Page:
The Oregon Supreme Court has granted review of the Owen decision, which relates to landlords’ appeal to invalidate the Portland Relocation Ordinance, according to attorney John DiLorenzo.
Portland landlords had appealed to the Oregon Supreme Court after losing the appeal of the Portland Relocation Ordinance in the Oregon Court of Appeals.
“They are not limiting argument to any particular issue, so I assume it means each of the arguments we made in the petition will be in play in the Supreme Court,” DiLorenzo said.
“Winning on any of those arguments would result in invalidating the Relocation Ordinance and possibly other city ordinances,” he said.
The landlords argue the city ordinance is in conflict with state laws that ban rent control. On March 7, 2018, the Portland City Council made the ordinance permanent and extended its application to landlords who own as few as one rental unit.
The background on the case
“The legislature has determined that rent control is a matter of statewide concern and proclaimed that no local government may enact any ordinance that either ‘controls the rent that may be charged for the rental of any dwelling unit,’ ORS 91.225(2), or that is inconsistent with that prohibition, ORS 91.225(7).,” DiLorenzo said when the trial court’s decision was appealed to the Court of Appeals.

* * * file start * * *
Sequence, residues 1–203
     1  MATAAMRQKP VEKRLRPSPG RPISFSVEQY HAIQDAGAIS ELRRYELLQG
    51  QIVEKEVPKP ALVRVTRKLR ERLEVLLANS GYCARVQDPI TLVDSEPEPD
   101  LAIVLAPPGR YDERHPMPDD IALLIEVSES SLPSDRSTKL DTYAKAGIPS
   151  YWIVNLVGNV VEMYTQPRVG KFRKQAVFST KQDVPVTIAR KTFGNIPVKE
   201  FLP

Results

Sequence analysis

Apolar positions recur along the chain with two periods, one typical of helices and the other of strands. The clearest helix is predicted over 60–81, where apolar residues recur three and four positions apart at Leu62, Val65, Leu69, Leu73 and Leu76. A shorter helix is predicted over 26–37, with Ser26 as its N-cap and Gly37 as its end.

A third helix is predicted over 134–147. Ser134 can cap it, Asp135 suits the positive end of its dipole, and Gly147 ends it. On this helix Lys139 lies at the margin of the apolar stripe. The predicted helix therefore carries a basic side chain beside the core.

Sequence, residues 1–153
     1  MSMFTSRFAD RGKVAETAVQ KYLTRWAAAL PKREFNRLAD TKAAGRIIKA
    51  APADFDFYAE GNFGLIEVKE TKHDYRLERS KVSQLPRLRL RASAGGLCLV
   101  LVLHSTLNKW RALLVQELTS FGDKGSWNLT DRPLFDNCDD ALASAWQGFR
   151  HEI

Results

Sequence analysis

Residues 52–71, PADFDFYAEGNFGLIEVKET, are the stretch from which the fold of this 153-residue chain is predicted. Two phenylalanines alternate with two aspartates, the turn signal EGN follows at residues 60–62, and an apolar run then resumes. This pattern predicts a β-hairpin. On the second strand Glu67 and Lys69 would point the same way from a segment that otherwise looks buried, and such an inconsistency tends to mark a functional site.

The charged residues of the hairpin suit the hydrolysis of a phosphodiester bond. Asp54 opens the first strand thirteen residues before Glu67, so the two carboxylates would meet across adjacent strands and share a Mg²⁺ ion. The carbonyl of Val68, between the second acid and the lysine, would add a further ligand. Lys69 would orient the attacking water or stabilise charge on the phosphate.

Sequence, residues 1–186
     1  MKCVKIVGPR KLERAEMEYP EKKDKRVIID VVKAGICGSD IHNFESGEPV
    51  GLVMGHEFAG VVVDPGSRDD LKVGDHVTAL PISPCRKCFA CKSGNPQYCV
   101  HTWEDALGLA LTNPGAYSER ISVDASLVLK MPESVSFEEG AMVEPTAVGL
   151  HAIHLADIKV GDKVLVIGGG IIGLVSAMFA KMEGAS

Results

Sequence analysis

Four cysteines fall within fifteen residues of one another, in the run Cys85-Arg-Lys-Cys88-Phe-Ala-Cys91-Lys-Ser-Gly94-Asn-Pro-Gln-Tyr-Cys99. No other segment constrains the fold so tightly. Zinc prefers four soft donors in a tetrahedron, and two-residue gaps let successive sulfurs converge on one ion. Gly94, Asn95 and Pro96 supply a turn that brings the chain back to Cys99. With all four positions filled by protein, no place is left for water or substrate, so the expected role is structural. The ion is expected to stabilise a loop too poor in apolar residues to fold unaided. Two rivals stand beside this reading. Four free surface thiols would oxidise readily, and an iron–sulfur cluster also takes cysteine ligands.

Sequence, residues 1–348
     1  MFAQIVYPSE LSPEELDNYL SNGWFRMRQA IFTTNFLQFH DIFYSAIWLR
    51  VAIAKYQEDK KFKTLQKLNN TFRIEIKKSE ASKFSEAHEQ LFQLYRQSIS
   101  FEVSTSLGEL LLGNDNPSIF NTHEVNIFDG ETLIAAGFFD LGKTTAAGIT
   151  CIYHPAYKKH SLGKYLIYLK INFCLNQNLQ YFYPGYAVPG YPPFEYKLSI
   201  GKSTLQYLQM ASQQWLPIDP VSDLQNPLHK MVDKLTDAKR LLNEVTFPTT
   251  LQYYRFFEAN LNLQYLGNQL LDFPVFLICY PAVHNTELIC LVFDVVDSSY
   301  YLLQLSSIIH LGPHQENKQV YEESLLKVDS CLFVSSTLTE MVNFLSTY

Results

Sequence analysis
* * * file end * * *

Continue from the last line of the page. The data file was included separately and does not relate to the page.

“Notwithstanding the legislature’s unambiguously expressed intent to preempt local rent-control legislation, the city enacted the ordinance, which requires landlords to pay thousands of dollars to tenants upon the tenants’ demand when a landlord gives notice of a rent increase of 10 percent or more in a 12-month period—meaning the ordinance penalizes rent increases that cumulatively total 10 percent or more in any rolling 12-month period.”
DiLorenzo explained why the ordinance is in violation of state law.
“The ordinance calls the payments ‘relocation assistance,’ but tenants are not required to use the money for that or any other designated purpose. Further, the requirement to make the payments is triggered solely by the size of the rent increase and is intended to limit those rent increases. By penalizing rent increases greater than a certain size, the ordinance is designed to control the rent that may be charged. Accordingly, the ordinance runs afoul of ORS 91.225(2) and ORS 91.225(7), which forbid the rent-control aspects of the ordinance.”